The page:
1.  healthy children

2.  a warm home

3.  bangs

4.  new & old friends

5.  my Oklahoma accent

6.  my Keurig (because one cup is really all you need.)

7.  Winter Oreos

8.  our church

9.  spiced tea recipe in my grandmother's handwriting

10.  homemade Chex Mix

11.  DVR

12.  a dentist who says, "Your kids don't have cavities."

13.  finally enjoying exercising {Thanks, Cory.}

14.  learning to eat only 1 Oreo instead of 8

15.  Christmas movies

16.  my mother's amazing ability to quote "Christmas Vacation" in any situation ("You serious, Clark?")

17.  good books

18.  early Christmas presents

20.  unexpected compliments

21.  hot tea on a cold day

22.  Glee

23.  online shopping

24.  making shrimp 'n rice on Thanksgiving instead of turkey

25.  P.J. Salvage pajamas

26.  my son finally discovering the Beatles

27.  blogs (especially mine.)


I almost deleted this blog.  Almost.  I was tired of it.  Tired of the way it looked.  I'm a girl that likes to rearrange.  Change it up.  Push the couch around and scrape up the wood floors.  If I'm tired of something, I just get rid of it.  Hoarding isn't a problem for me.

But there are times, like now, when I enjoy my blog.  I like the creativity of it all.  I like having a place to spout my opinion, share pics of my kids, and occasionally write something worth reading.  I like having an easy way of updating my friends and family.  At one point in time it was a gallery--a place to display my "professional" writing for the world to read.  But let's face it.  The only people reading are my close friends and a couple of cool people who just happened to stumble upon it by accident.  {Thank you, by the way.}  So I changed it.  Updated it.  Gave it a redo.  And I hope you like it.

I was mama wants more for a long time (and my blogger address still goes by the same name.)  But the truth is I don't want more.  I have enough.  I'm am crazy blessed.  I actually have too much and it was all starting to give me a headache.  (If you read my last post, you can see that there's an obvious pattern happening here.)

So enjoy the sunshine from out here in California.  Like whenever I rearrange my living room, there's no guarantee that it's going to stay like this.  I've got to live with it awhile to make sure I like it, so there might be more tinkering to come.  For now, here it is.


I would live here in a heartbeat.  This cute little farm house so small and festive.  It's darling.  And my family would have it filled to the brim with crap within a couple of hours of moving in.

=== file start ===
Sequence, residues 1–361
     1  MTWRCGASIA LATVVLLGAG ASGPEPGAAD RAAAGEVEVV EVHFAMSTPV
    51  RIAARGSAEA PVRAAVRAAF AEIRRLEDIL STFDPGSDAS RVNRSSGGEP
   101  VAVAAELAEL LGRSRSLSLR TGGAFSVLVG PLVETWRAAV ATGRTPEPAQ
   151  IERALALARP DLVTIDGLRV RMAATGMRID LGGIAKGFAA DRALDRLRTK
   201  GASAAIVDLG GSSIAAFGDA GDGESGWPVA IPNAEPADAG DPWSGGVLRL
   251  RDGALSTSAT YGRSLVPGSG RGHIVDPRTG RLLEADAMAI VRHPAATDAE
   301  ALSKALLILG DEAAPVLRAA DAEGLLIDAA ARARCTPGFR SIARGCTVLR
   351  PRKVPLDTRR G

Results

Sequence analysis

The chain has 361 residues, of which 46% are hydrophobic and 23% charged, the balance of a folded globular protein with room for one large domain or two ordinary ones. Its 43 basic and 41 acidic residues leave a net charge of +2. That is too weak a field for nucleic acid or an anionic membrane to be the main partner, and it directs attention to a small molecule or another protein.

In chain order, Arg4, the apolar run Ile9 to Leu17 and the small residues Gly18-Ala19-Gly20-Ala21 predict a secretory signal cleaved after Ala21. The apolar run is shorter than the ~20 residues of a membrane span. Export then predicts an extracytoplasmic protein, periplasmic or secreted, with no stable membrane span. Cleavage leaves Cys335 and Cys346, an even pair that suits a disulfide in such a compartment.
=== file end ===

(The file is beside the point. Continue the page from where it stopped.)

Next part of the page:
I'm tired of the crap.  The crap is getting to me.  And what bothers me most of all is that most of the crap is mine.

I spent three hours last weekend cleaning the pantry.  Just the pantry took three hours.  And it's not even the messiest part of the house.

I know what some of you are thinking.  "Steph, I've been to your house and there's no crap to be found."  And do you know what I say back?  "Yes there is.  I just hide it really well.  I only let you see what I want you to see."

(Hence the pantry full of crap.)

So this week I'm purging.  The Christmas lists have started.  The grandparents have already started buying which means more crap is just around the corner.  So while I still can, I'm going to simplify.  Less crap equals less cleaning.  Less cleaning equals more time to do the things I like to do.

Like buy more crap.

Halloween Party Pics

My great friend Karin and I decided to throw a Halloween party for our kids this year.  It might have been at my house, but she gets ALL the credit for the cute party ideas.  Okay, not all.  I'll take the credit for the vomiting pumpkin, but even that was stole from some blog that I visited (wish I could remember which one to give them the credit, but I've slept since then.)  Truthfully, most of our ideas came from  Gotta love it.

The kids had a ball.  After the Golfer/Rugby Player left to take 6 crazy boys trick-or-treating, Karin and I spiked the punch and handed out candy and leftover cupcakes and donut hole "eyeballs" to the neighborhood ghosts and goblins (or should I say, princesses and superheros.)  But I have to admit, my favorite part of the evening was when a teenager, taking an "eyeball" from the bowl, looked at Karin and said, "This is the kind of house I always wanted to grow up in."

Made me sad and happy all in the same moment. Either that or it was the vodka in the punch. Probably a little bit of both.